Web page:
In my volunteer work I encounter collisions between privacy and transparency. In this regard, I am conscientious in following the rules and expectations that are in place. Decisions related to the distinction are important for many good reasons.
An article in the October 2014 issue of Harvard Business Review addresses the topic with a level of observation, based on empirical research, that I found admirable.
On Page 60 of the October 2014 Harvard Business Review, which I purchased at Cloverdale Mall in Etobicoke, Ontario, Ethan Bernstein refers to four types of boundaries that are described as constituting a “sweet spot between privacy and transparency, getting the benefits of both.”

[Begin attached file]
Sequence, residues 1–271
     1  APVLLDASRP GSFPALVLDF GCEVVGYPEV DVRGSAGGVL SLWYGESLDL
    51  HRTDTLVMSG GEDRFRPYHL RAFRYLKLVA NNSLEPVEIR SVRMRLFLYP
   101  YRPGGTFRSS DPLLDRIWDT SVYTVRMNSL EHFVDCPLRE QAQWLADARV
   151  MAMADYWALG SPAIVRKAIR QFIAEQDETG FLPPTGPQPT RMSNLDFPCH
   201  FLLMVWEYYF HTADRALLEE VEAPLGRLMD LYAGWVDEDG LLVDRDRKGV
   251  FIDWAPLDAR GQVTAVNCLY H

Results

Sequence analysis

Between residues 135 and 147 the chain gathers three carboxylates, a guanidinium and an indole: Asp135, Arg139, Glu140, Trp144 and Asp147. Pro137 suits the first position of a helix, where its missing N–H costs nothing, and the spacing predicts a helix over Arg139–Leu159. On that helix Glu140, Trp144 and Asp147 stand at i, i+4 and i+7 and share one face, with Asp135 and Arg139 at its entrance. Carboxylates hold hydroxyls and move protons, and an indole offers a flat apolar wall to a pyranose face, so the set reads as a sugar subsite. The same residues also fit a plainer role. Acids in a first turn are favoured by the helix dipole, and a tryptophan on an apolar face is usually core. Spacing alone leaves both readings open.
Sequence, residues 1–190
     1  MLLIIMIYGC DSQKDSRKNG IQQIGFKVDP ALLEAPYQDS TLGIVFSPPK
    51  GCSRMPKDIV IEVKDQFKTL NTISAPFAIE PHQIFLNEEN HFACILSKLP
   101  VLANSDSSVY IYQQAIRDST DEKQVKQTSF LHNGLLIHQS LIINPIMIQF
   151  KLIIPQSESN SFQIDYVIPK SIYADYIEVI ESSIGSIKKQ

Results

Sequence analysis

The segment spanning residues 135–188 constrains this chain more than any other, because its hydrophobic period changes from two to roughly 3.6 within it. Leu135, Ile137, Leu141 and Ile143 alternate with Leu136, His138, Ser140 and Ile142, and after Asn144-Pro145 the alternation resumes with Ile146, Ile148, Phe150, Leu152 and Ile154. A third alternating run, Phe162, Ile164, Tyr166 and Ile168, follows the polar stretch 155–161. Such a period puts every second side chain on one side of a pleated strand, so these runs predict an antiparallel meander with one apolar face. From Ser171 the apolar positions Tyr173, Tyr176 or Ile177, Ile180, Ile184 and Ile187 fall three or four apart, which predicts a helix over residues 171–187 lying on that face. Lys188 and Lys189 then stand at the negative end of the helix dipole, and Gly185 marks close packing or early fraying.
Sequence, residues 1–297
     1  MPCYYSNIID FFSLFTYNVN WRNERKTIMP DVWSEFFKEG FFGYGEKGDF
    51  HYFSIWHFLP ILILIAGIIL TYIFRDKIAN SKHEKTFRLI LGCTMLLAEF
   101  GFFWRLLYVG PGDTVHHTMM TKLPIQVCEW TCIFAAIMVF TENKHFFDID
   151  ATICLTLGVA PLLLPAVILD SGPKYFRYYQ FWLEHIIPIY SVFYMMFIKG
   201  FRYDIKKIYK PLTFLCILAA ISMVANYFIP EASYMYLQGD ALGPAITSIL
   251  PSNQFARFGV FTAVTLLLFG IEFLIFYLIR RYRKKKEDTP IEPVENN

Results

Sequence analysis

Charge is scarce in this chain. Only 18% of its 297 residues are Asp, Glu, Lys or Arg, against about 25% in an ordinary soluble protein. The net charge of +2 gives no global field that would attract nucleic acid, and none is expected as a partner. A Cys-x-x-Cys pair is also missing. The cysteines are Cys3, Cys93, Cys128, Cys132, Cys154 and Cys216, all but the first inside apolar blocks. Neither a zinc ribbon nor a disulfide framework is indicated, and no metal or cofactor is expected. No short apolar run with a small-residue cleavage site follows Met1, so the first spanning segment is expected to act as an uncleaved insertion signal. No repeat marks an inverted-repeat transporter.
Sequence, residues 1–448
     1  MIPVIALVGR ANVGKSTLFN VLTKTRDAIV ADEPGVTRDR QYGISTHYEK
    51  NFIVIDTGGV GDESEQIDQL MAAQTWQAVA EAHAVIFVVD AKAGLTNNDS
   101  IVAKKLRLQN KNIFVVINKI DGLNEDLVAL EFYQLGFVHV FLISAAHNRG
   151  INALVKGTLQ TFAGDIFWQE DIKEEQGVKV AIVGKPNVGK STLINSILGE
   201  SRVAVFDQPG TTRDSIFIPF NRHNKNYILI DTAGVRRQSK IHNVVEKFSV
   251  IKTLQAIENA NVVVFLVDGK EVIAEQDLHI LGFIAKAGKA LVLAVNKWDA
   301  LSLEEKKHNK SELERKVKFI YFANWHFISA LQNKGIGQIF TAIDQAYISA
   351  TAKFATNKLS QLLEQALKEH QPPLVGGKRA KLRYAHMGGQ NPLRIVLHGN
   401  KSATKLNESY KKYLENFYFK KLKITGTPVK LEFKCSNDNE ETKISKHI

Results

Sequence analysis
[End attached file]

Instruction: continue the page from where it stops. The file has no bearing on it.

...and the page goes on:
The four categories of boundaries, which “establish certain zones of privacy within open environments,” are outlined as follows:
Zones of attention
These are boundaries around individual teams.
They serve to “avoid exposing every little action to the scrutiny of a crowd.”
Zones of judgement
These involve boundaries between feedback and evaluation, and serve to “avoid politicking and efforts wasted on managing impressions.”
Zones of slack
These boundaries, which separate “decision rights and improvement rights,” serve to “avoid driving out tinkering.”
Zones of time
These are boundaries around defined periods of experimentation. They serve to “avoid both too frequent and too infrequent interruptions.”